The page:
I recently bought a lightly used 2013 Red jewel LT with roof for 15995 and only 22k on the clock. Has the same 3.6 engine. The one thing that worries me is the timing chains which have been an issue on the earlier LLT 3.6 SIDI engines. I’m glad it has a 5/100 power train warranty.

          • 0 avatar
            minivanman

            I did not realize that you could get an Impala without a roof. Cool!

          • 0 avatar
            gtemnykh

            I came very close go buying a used 2012 LT (presumably a former rental/fleet unit) last year for $15k, I had driven a black 2012 LT rental as well as test driven one, I loved the exhaust burble and the acceleration, as well as the old school mouse-fur velour cloth seats and unencumbered front dash/console. I was a little weary of the somewhat unproven DI 3.6 with the lambda timing chain stretch horror stories. Left side of my brain took over and I ended up with my 2012 Civic :/ (Great mileage! Great reliability! Low depreciation!) I still get a twang of regret when I’m driving my Civic and see a black 3.6 Impala roll by. Fort Wayne uses blacked out Impalas for undercover duty, boy do they look purposeful and mean.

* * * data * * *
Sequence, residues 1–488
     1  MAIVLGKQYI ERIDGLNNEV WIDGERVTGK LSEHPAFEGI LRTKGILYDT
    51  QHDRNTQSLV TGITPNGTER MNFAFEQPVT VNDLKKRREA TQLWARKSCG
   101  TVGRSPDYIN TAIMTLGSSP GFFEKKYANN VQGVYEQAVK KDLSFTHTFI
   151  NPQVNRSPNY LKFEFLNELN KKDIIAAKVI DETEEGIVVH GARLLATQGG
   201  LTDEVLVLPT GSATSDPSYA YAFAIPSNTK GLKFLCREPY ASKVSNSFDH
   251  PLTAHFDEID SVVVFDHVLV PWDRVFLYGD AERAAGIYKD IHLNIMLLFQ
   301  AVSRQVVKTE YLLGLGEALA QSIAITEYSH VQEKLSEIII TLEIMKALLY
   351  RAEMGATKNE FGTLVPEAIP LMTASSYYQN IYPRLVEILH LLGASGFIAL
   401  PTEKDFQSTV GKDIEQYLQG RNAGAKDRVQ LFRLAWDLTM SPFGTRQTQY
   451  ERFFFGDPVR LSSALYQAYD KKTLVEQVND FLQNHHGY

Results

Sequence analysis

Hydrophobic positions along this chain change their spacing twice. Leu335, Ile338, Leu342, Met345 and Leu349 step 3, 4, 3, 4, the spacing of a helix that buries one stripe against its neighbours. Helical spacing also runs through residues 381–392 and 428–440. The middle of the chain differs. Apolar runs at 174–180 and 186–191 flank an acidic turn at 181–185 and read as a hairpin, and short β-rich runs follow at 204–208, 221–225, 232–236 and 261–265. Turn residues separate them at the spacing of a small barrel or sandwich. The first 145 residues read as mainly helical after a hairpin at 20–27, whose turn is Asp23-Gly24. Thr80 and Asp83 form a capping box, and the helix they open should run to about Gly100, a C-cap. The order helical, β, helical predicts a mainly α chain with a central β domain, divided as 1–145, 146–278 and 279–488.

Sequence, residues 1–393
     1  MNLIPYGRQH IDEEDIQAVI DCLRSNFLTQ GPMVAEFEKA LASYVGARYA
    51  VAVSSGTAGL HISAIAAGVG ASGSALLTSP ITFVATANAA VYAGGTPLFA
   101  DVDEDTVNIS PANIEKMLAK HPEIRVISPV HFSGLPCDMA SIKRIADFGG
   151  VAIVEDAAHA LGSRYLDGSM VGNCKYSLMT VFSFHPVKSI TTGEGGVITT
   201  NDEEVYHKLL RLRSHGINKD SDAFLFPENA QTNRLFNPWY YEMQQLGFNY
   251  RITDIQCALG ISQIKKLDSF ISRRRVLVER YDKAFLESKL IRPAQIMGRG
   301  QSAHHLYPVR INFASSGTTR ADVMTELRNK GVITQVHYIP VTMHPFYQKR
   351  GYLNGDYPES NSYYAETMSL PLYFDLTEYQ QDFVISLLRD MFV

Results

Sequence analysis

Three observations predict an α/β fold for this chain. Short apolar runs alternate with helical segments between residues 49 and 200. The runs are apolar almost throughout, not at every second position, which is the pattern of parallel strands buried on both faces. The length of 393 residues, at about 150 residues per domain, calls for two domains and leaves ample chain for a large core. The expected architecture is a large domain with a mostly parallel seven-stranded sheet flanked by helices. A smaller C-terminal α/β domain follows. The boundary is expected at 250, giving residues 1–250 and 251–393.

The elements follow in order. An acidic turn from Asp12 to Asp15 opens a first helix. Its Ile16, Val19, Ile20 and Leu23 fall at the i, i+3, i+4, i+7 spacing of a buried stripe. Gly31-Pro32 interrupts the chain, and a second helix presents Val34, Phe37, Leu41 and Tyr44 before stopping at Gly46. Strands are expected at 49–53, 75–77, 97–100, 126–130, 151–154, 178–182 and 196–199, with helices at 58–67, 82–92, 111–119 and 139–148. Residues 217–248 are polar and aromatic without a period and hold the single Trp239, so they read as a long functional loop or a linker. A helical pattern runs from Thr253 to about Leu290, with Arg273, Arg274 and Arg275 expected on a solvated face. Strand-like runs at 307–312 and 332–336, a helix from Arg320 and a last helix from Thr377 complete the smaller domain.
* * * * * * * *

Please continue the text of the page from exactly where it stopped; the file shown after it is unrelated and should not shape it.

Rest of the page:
• avatar
    1998redwagon

    what? where did the video go? “removed by user”?

    i am 6’3″ and have sat in a 2013 version of the same car. the backseat was not as bad for me as alex. that is, i could sit back there w/o cocking my head to one side but i did have to slouch in the seat a tad to avoid hitting the headliner. my guess is that my legs are long and his torso is longer than mine.

    i still like the idea of a buick with a manual transmission. some of the 2012 regals in non-gs form came with sticks and they are now showing up as used cars, some cpo, at more reasonable prices. alex is correct the cashmire interior is sharp and less oppressive than black on black on black.

    i test drove a gs stick and had a blast whether it was worth the 33k it listed at is another question. i had to pass.

  • avatar
    BigOlds

    Great Review. I loved it. Although I am not in the market for one, I am really pulling for the Buick division. However…